We’re seeing mild gains in the FTSE in what is otherwise a mixed European session this morning. US futures are pointing a little higher ahead of the open, with little direction coming from across the pond.
FTSE Stabilises as Election Uncertainty Weighs on Sentiment
The UK index has stabilised in the weeks leading up to the election, with the sudden uncertainty around the outcome appearing to be contributing to the moves. We’ve seen a similar situation in sterling, which after coming off its highs as the polls showed the Conservatives strong majority being possibly wiped out, has since entered a period of relative stability. I don’t think this is helped by the polls with some indicating that the Conservatives have lost their majority altogether and others claiming its very much intact.
This should make for some volatile trade on Thursday evening as the exit polls start to come out. Should the exit polls suggest we’re headed for a hung parliament then the knee jerk reaction could be fierce in both the pound and the FTSE. Once this passes then the index could benefit from the weakness in the currency, as it has since the Brexit referendum. The question though is how long this will take. The knee jerk reaction in the FTSE didn’t last long after the referendum and the reaction to Trump in the US was much shorter again.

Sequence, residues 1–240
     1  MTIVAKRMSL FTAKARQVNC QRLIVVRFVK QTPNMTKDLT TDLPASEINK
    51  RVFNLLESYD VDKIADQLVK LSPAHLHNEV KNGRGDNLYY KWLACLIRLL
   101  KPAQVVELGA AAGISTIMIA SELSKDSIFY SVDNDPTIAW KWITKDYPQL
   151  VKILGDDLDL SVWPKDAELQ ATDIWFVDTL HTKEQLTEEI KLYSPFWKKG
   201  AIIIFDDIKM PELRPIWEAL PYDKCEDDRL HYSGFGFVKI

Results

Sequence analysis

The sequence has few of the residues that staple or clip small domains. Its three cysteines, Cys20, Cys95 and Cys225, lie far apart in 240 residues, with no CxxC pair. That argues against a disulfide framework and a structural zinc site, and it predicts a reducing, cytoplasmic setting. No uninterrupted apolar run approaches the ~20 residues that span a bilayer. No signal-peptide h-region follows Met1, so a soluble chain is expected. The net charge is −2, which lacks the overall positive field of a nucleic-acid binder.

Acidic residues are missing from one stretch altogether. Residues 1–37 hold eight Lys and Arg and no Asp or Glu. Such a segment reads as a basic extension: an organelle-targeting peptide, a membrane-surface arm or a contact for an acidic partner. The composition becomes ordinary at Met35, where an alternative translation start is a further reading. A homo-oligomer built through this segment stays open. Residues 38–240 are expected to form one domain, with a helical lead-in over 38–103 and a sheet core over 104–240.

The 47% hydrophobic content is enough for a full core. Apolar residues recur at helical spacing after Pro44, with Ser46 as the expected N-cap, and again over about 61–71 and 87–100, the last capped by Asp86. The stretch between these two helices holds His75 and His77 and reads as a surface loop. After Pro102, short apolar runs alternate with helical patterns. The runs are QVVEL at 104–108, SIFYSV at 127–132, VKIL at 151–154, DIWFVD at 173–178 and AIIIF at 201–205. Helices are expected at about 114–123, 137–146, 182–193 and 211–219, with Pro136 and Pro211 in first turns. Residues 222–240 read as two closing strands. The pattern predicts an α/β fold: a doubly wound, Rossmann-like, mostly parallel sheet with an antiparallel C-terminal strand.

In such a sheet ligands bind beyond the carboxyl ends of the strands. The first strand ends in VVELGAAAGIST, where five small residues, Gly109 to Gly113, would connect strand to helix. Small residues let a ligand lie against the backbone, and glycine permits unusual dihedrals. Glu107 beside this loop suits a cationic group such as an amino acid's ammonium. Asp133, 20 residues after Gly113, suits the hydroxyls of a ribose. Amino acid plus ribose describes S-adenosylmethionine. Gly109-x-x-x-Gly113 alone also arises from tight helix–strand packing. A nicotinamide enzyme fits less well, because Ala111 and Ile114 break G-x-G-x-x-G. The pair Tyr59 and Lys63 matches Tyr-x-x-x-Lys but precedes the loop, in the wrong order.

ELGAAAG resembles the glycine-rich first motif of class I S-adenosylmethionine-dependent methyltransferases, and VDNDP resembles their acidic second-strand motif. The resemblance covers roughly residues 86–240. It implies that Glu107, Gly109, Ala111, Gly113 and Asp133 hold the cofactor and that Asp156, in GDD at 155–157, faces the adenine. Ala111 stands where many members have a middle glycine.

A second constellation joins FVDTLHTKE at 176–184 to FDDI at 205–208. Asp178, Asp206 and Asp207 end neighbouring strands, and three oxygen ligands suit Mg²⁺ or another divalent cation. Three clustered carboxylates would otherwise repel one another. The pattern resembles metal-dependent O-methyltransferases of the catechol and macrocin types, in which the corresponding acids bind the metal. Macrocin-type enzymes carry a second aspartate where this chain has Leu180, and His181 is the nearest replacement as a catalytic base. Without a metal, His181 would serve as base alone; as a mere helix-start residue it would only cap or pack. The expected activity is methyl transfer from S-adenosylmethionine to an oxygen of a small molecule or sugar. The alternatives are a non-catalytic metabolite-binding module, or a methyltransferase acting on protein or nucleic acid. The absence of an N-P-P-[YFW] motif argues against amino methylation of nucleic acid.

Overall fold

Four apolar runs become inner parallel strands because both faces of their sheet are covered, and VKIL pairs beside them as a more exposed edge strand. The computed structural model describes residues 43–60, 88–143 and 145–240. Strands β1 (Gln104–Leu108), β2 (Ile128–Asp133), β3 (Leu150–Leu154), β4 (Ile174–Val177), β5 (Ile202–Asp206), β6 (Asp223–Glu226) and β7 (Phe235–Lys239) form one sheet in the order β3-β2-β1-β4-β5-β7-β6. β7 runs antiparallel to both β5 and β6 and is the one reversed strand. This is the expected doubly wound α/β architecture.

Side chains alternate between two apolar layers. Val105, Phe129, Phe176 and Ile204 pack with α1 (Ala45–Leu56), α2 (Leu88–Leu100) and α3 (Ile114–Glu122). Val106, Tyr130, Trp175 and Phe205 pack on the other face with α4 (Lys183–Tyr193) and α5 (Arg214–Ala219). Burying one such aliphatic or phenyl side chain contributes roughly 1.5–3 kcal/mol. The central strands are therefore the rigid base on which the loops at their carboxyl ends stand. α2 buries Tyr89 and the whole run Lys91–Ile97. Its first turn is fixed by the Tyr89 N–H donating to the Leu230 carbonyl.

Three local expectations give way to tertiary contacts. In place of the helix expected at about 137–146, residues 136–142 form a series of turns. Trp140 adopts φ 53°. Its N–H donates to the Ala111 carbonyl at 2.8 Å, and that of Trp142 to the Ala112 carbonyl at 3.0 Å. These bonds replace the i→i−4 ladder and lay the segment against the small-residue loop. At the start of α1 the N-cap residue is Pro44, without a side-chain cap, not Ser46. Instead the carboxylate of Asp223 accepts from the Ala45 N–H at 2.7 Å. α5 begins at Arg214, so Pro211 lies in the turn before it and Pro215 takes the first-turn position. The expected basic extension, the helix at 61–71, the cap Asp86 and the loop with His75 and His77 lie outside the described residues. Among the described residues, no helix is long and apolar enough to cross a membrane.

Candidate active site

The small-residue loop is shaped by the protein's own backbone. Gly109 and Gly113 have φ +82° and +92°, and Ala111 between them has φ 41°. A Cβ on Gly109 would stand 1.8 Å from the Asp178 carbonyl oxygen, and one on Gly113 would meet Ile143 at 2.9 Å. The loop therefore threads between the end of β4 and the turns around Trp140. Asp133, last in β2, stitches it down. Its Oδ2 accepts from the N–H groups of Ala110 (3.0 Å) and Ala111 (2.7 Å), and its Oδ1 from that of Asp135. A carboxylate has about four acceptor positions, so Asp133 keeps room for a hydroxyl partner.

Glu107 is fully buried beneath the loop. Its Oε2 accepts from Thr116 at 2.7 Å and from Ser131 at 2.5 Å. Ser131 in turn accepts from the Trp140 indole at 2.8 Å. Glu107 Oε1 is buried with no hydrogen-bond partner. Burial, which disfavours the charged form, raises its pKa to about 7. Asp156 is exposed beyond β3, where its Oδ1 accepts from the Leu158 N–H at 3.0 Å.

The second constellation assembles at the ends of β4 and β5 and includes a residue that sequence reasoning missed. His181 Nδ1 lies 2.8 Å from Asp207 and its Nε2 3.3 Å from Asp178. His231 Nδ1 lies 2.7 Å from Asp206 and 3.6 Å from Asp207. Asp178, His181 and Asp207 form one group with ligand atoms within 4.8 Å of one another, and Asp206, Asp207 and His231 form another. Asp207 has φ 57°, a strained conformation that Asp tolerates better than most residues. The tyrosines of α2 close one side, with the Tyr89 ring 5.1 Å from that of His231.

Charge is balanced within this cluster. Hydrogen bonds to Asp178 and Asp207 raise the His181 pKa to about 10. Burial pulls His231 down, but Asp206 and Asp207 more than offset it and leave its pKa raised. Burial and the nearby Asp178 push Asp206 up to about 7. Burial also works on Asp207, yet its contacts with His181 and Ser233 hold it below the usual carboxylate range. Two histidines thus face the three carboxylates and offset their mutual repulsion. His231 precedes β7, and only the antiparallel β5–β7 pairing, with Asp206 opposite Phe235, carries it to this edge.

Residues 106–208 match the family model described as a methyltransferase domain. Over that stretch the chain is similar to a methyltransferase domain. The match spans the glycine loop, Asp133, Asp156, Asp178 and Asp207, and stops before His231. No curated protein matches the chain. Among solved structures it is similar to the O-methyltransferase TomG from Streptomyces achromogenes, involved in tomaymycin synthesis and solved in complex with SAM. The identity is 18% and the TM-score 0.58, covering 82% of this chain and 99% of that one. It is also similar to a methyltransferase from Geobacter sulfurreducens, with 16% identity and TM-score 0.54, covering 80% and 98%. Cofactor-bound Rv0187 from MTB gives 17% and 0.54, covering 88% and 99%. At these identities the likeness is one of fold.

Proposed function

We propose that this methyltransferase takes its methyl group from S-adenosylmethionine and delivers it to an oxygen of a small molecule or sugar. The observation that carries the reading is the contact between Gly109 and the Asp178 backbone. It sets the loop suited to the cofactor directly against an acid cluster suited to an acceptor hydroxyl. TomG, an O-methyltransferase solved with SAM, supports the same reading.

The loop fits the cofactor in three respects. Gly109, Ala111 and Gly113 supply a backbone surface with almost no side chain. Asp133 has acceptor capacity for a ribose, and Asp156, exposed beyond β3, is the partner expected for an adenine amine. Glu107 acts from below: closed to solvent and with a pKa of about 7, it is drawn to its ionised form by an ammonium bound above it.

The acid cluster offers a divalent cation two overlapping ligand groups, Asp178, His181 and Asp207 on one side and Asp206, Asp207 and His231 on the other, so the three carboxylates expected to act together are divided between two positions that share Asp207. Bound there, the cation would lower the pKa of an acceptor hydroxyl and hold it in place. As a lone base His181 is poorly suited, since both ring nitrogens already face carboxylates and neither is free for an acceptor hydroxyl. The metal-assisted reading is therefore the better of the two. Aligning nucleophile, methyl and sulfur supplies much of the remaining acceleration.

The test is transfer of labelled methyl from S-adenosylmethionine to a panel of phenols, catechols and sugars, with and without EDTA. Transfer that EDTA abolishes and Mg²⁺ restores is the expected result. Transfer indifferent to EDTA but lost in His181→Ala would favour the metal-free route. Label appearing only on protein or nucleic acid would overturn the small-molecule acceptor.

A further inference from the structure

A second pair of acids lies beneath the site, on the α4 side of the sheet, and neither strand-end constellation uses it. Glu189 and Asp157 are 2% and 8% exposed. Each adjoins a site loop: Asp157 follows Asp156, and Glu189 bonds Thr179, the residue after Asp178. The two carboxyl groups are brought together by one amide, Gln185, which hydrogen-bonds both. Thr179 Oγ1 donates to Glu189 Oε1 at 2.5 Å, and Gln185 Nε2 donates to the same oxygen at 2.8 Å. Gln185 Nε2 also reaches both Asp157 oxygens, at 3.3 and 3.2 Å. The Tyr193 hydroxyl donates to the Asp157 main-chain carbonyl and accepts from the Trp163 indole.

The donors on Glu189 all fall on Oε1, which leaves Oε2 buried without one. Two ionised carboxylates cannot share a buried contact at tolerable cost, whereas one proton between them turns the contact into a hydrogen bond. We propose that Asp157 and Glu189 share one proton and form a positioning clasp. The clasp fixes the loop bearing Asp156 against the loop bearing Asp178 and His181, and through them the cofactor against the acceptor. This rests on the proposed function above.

With the last day of campaigning underway and there being little on the economic calendar, attention will likely remain on the UK today. The polls suggest that the Conservatives maintain a six or seven point lead which should be enough to secure a majority, but one that is far smaller than was expected when the election was called. This would come as a relief to the Conservatives and avoid the hung parliament scenario that may be worst case scenario for markets.
Source – FT Poll of Polls
EUR Tumbles on Reports of Lower Inflation Forecasts in Draft Projection
The euro has come off this morning after reports of a draft ECB staff projection which showed growth forecasts being revised higher and inflation lower through 2019. Should this be the case, it would support the need for monetary policy to remain very accommodative and either delay tapering or at least slow the pace of it. The dovish nature of this has hit the euro sending it back towards 1.12 against the dollar and below 0.87 against the pound. Should this be rejected, I would expect the moves to quickly reverse.
EIA Inventories Eyed as Oil Remains Under Pressure
The only notable data to come today is EIA crude oil inventories which follow an API release on Tuesday that reported a drawdown of 4.62 million barrels. With oil already under pressure as traders appear to question the suitability of the output deal and the latest geopolitical issues in the region weigh, it will be interesting to see whether another large drawdown will offer any support. Having broken below $50 though, Brent continues to look vulnerable to further downside.
For a look at all of today’s economic events, check out our economic calendar.